What was it like for you when you moved to the UAE?

Our readers have their say on their early days in the UAE, dining etiquette and the neighbourhood mum-and-dad shop
DUBAI, UAE. February 10, 2015 -  Abras cruise across Dubai Creek in Dubai, February 10, 2015. (Photos by: Sarah Dea/The National, Story by: Mitya Underwood, Focus)
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With reference to Gemma White's story #IveBeeninDubaiSince: UAE residents share their nostalgic memories on Twitter (October 7): I've been in Dubai for 21 years. That anniversary for me was on October 6. I am from Finland. It has been amazing to see the retail expansion, construction boom, tourism drive, but also coming from a small Nordic country that regularly tops several quality indexes, it has been amazing to see this small Middle Eastern country top those indexes as well. That is always a result of long-term focus.

Tarja Yilmaz, Dubai 

I lived in Dubai for 32 years and in the UAE for 39 years. The taxi fare used to be Dh5 to Bur Dubai from Deira, also Dh5 from Plaza Cinema to Satwa. I arrived in Dubai in 1976 and worked till my retirement in 2015. The exchange rate used to be Rs2 against Dh1.
Jitendra Desai, Ahmedabad, India

When dining out, keep the mask on between courses

With regards to Janice Rodrigues's piece Covid-19 restaurant etiquette: 5 things to keep in mind when dining out during the pandemic (October 3): perhaps I shouldn't comment as the last time I was at a restaurant or cafe was February 27, though I do support local outlets by ordering for delivery, but I respectfully disagree with Chef Othman regarding guests putting away masks at the table. Friends who occasionally dine out must keep their masks on until their food is served. If they have multiple courses, the mask should go back on until the next course arrives. We must behave as though we ourselves and everyone with whom we come into contact is contagious. That is the only way to slow the spread of this coronavirus about which so much still remains unknown.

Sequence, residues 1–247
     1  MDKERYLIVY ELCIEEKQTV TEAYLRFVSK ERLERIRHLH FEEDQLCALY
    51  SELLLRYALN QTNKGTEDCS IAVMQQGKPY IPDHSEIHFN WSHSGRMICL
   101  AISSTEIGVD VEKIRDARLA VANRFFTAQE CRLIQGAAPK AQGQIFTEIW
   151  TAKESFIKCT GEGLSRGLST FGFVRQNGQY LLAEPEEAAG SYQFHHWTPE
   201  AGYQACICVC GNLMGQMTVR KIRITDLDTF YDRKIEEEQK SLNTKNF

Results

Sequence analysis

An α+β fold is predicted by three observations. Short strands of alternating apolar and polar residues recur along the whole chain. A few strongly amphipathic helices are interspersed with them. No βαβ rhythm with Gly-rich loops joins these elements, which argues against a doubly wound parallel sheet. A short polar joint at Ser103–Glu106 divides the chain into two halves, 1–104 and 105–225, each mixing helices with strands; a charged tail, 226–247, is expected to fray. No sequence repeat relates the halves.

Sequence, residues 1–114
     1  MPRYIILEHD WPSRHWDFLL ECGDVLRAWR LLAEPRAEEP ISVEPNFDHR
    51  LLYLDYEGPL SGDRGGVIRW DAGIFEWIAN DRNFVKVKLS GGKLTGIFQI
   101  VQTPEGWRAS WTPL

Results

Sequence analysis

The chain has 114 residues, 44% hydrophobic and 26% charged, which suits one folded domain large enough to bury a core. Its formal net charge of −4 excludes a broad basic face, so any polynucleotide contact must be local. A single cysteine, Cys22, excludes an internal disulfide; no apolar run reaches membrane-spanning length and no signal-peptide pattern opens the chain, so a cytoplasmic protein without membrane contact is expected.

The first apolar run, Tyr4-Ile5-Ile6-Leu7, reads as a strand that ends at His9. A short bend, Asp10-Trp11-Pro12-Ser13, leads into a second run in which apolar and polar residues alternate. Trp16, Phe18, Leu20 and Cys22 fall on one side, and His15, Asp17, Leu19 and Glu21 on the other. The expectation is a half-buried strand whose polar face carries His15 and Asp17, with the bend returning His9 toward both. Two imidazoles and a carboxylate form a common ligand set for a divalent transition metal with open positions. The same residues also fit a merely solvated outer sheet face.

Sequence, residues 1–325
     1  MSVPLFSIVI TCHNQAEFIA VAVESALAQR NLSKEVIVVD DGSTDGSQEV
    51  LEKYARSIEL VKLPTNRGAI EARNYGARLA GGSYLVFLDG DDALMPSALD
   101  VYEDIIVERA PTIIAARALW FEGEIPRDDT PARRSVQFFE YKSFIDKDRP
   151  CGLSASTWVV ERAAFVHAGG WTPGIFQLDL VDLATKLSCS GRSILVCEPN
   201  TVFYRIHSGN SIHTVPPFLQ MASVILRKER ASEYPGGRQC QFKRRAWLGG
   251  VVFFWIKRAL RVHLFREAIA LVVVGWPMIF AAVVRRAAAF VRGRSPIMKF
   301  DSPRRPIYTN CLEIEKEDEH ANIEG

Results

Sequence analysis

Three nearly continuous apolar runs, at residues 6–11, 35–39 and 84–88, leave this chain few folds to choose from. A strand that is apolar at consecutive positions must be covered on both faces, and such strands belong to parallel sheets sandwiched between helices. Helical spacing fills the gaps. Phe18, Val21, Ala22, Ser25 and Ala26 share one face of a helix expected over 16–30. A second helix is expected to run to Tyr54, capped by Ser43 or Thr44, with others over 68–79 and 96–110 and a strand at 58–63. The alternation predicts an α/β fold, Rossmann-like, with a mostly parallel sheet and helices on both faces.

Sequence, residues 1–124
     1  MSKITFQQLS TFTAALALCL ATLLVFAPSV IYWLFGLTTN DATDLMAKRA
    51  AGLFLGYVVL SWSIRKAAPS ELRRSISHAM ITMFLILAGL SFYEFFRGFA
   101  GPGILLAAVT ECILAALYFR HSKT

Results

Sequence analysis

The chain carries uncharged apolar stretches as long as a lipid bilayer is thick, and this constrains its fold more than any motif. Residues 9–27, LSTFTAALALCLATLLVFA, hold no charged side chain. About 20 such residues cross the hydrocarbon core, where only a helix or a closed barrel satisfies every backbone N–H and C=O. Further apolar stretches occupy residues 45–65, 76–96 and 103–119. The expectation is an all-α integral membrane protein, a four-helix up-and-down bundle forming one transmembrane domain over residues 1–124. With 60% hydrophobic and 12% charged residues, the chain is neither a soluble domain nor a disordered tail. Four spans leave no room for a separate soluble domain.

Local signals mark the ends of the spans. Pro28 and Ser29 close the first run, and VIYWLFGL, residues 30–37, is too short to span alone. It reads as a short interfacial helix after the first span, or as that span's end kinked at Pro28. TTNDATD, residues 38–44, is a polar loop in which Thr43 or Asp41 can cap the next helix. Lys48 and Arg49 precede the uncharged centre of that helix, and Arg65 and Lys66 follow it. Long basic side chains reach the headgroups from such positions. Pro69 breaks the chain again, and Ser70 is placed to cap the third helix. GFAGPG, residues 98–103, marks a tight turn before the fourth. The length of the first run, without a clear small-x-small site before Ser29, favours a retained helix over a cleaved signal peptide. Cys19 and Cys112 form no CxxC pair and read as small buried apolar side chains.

Now that the weather is cooling down, I am looking forward to a beachside lunch with a few close friends soon, and will keep my mask on while not eating. We must continue to do all we can to prevent the spread of Covid-19 and help everyone stay safe.

Elan Fabbri, Dubai

The convenience of the neighbourhood mom-and-pop store

I write to you regarding Alice Haine's report How UK supermarket Tesco's fortunes see-sawed during Covid-19 crisis (October 7): during the lockdown, people all over the world had to rely on purchases from supermarkets and e-commerce retailers. This created an impression that small grocery shops may shut down or have their business eroded. Small grocery shops, however, render valuable services to their customers.

Here in the UAE, they are conveniently located on every street. Many provide home delivery. You can order a bottle of ketchup and it is at your doorstep within minutes. Some even provide credit to loyal customers. Despite the advent of supermarkets and online shopping portals, the small mom-and-pop shops render a great service. In the UAE finding parking at the supermarkets is sometimes a challenge. So, many shoppers prefer to visit the neighbourhood grocery for daily essentials. They cannot be replaced easily, due to the service and convenience they offer.

Rajendra Aneja, Dubai